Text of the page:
So it's my birthday today... I'm 29. Which is really just a math-minded person's way of saying "almost old."
A few years back I put up a quality post about my life to that point. It sums me up pretty good. All I've done since that post is graduate law school, get my first (and second) real job, and have a kid, so it's still pretty relevant.
I'm still a big Survivor fan. Russel has easily been one of my favorite players of all time. He's gotten robbed twice. And he's right, there's a flaw with the game. Russel suggested the flaw was that we didn't let viewers pick the winner. He's wrong about that.
The flaw is that at the end of the game it isn't about surviving. It's about getting elected. Those are very different things. If they really want to make the game about surviving, they need to come up with some sort way to make the final determination that isn't a popularity contest.
The whole thing has been a problem for a long time. It's allowed an awful lot of weak winners. And now it's allowed a weak repeat winner. Oh well. It's just a game, right?
I caught a tiny bit of the Miss USA competition tonight. It's even more of a joke than I realized. The part I happened to see was the eventually winner giving her answer to the big final question. It had to be one of the least well-reasoned answers in the history of pageants. And that's saying something. Essentially, her response was "I think insurance should pay for birth control because it's expensive." Actually, those are almost exactly her words.
Miss Virginia actually gave an articulate answer. She got third place. I'm surprised they didn't bump her down lower. The judges (Johnny Weir, Paul Dean, Carmelo Anthony, etc.) don't exactly seem like the type who would reward the people who actually deserved it.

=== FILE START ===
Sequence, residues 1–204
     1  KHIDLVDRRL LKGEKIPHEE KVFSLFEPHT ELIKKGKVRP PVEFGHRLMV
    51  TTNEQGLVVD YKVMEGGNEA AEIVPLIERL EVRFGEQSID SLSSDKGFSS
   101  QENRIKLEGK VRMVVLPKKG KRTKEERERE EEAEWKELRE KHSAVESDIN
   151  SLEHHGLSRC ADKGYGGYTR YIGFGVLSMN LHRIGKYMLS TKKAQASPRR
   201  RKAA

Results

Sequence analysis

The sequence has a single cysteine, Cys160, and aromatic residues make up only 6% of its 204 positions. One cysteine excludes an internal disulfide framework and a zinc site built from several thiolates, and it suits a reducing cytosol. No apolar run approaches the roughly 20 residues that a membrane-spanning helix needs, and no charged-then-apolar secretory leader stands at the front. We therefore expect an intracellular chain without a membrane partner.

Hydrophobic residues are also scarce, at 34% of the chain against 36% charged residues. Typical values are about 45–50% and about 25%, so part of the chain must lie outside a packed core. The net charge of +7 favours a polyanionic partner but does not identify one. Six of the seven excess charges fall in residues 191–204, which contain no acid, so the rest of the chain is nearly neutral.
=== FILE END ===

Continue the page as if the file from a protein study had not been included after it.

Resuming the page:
Kind of the same problem as Survivor. Hmm.
I someday hope to grill a cake.
Looks like the Minnesota legislature is gonna have a deal in place to "balance" the budget. From what I can tell, a lot of it will be pushing the problems to the next governor and legislature (but of course, the current government can't actually bind the future governments, which means we'll get to go through this all again in another year or two). But that's par for the course with Pawlenty. He's been leveraging the state's future and debt spending for his own political career for far too long.
He talks big about spending cuts, but he's actually been approving spending - in order to make himself popular - for 8 years. And when forced to make hard decisions and actually cut the budget, he targeted public schools, health care, and local governments.
The man took office in 2003, amid significant prosperity. He promised not to raise taxes at any point when he was governor. This left him with a tough choice when the economy tanked - either raise the money the state needed by increasing taxes, slash benefits, or debt spend. He chose the later. Not a responsible choice. Now that the ability to borrow has significantly diminished, he's choosing to slash benefits. Truthfully, that's part of the solution. But everyone who looks at the problem knows it's not the whole fix.
Oh, and because local government aid has been drastically cut, local governments have had to significantly increase property taxes, which means that, despite Pawlenty's promise of no new taxes, most MN citizens are actually paying new taxes.
A class act, that guy.
Time is marching on
And time is still marching on